Nature of foreign policy. Nature of life ffs! Banal.

      “Whatever we do will still result in the victor of these islamic wars turning their attention to us.”

      You got a crystal ball? And acccepting for a moment that this is true, over what term…?

      “In this case, the enemy of our enemy, is not our friend.”

      Long, medium or short term…?

      “Our efforts should be concentrated at home.”

      Define “home”? For present purposes I am presuming that by “home” you Great Britain and Ireland.

      “We need to contain the spread of this toxic ideology…”

      By what means? Be specific please.

      “…do all that is necessary to curb….”

      Be specific please.

      “…to curb the relentless islamic invasion that started with Labour’s general invitation in 1997…”

      You consider an increase from 2 to 4+ million over those 13 years to be a relentless invasion? What about the 2 million who were here prior to 1997?

      “…begin to take measures to protect…”

      Be specific please?

      “…to protect our Western secular democracy.”

      Some, I among them, would argue that the increasingly secular nature of our society is a large part of the problem.Some might go so far as to say that we are, in fact, decadent. That any Islamic threat is essentially that of a scavenger or any other metaphor you prefer….

      “This England never did, nor never shall,Lie at the proud foot of a conqueror,
      But when it first did help to wound itself.”

      – King John, (5.7.112), William Shakespeare


      You think a democracy can “contain the spread”, can “do all that is neccessary” or “take measures” and still remain a democracy?

      “A civilisation that took 5000 years in the making…”

      Elaborate please. Start by naming this particular civilization.

      “…the greatest ever to have graced this planet…”

      Again. Elaborate.

      “…is being destroyed in decades.”

      The rot in our civilization goes back mair than decades…

      “Where will we be in 10 years’ time, let alone 30.”

      You’re the wan wae the crystal ball. You tell me Shazz…? :-)

      • Shazza

        First of all the population increased a lot more that the official numbers show. Supermarket, water and sewage stats show it to be circa 80 million – 4 million would not have put the pressure on the NHS, schools housing etc. – I lived in a large Midlands city from 1997 and when I left about 12 years later, I could not believe the demographic change that had taken place. It went from hardly a headscarf in sight to plenty burka babes all pushing the obligatory pram with at least 2 toddlers in tow, unbelievable how quickly a city could noticeably change.

        Our civilisation evolved from Greco/Roman/Judean/Christian philosophies and it is the greatest – which other one can compare? Indeed we are at the moment, I believe in the Fall of the Roman Empire Part II.

        It is a war of ideologies, freedom vs tyranny. Gaze at Minaret Hamlets and it’s moslem mayor – that is a template for our future. Demographics show that by 2050 moslems will be in the majority then. Do you really believe that we won’t have sharia in place by then?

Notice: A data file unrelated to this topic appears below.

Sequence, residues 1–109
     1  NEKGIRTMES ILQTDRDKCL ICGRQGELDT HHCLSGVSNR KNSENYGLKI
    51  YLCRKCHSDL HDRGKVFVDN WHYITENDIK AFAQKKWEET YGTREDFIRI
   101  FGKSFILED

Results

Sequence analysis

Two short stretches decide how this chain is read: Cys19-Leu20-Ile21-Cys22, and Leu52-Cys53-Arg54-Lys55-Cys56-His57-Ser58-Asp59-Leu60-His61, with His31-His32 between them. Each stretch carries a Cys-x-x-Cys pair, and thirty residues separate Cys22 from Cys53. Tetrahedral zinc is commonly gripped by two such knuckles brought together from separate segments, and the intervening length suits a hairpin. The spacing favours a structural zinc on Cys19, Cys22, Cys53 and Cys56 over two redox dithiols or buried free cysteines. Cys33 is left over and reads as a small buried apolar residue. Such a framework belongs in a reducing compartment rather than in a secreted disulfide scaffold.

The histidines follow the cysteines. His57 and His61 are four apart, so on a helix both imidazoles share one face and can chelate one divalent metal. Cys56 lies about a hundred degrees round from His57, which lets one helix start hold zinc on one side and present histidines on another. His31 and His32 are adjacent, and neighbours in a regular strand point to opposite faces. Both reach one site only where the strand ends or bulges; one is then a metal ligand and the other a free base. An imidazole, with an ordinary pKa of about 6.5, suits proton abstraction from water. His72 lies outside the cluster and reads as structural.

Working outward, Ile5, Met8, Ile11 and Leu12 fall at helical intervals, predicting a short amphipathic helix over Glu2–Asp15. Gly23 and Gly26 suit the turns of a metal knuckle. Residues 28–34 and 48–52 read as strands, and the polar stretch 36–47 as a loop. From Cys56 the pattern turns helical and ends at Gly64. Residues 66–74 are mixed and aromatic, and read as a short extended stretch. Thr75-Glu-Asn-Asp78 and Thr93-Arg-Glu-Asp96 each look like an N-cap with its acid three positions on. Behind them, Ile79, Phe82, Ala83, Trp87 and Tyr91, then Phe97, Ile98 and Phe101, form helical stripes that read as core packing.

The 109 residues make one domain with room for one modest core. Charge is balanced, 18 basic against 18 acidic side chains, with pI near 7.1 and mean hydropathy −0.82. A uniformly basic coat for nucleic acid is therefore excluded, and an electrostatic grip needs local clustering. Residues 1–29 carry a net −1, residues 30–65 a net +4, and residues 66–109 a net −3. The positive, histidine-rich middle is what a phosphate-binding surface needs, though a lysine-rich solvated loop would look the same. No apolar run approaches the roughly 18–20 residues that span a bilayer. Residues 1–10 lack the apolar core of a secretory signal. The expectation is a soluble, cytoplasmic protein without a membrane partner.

10 years? Further islamification enabled by our dhimmi politicians and apathetic population.
        30 years? Probably we will be an islamic state.

        So unless you are not happy with this scenario, what do you suggest – both domestically and tackling ISIS?

        No need to be rude, I really am interested.

  • Damaris Tighe

    Cameron has emasculated himself? Was he ever masculated?

    • Portendorfer

      Masculated enough to see off Clarke and Davis and then Brown.
      And to keep Clegg under control.
      Who else was there to do all that?

      • Kennie

        Cameron does not keep Clegg under control. Clegg goes as far as he dares to and stops just before it comes to the point of scrapping the coallition deal. Clegg would not risk his one and only position of ‘power’ in this life.

      • Kennie

        Cameron does not keep Clegg under control. Clegg goes as far as he dares to and stops just before it comes to the point of scrapping the coallition deal. Clegg would not risk his one and only position of ‘power’ in this life.

  • Tony_E

    So this is simply a commentary based on a Times commentary, which takes a line based on an assumption made by another set of unnamed sources.

    Cheap shot?

  • james allen

    Many of us have been pointing out for years that Cameron is worse than useless… but who’s been listening?

    • Portendorfer

      What have you planned to do about it?
      What was your alternative?

      • Kennie

        Just being removed and not replaced would have been a better alternative. Nobody would notice, they could just say Cameron had gone to America to do some selfies with Barry, whilst being briefed on his next instructions.

      • the viceroy’s gin

        …a well-potted plant?

        …a good gun dog?

        …a nice snort of single malt?

      • bigmax

        David Davis?

  • the viceroy’s gin

    It’s glorious of the Speccie to title this troll’s blogposts so descriptively, as to their value and content.

    It’s a big time-saver.